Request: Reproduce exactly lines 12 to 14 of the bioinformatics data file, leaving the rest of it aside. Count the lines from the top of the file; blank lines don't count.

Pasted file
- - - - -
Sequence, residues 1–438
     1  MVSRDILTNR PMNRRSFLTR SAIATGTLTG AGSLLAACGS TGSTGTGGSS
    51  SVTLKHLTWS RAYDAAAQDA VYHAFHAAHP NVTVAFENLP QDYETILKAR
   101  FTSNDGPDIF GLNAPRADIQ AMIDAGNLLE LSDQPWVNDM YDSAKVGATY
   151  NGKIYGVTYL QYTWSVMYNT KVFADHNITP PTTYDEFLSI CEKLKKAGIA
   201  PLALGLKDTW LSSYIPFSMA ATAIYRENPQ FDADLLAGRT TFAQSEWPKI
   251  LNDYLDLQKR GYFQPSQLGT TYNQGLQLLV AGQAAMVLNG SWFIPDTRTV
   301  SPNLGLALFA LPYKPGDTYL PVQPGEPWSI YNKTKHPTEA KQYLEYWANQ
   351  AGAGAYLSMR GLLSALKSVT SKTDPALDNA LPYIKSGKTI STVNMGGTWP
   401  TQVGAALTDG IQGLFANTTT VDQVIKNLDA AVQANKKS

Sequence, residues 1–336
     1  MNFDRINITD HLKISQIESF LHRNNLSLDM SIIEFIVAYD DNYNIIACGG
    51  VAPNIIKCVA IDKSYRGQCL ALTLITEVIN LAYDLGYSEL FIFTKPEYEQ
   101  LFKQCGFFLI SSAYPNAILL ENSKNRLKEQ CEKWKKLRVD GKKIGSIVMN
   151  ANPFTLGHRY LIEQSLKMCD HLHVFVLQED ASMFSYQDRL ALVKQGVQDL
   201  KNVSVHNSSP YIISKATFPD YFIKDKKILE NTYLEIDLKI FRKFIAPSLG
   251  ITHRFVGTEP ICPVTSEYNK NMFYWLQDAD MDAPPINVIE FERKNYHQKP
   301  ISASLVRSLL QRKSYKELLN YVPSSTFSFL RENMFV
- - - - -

     1  MNFDRINITD HLKISQIESF LHRNNLSLDM SIIEFIVAYD DNYNIIACGG
    51  VAPNIIKCVA IDKSYRGQCL ALTLITEVIN LAYDLGYSEL FIFTKPEYEQ
   101  LFKQCGFFLI SSAYPNAILL ENSKNRLKEQ CEKWKKLRVD GKKIGSIVMN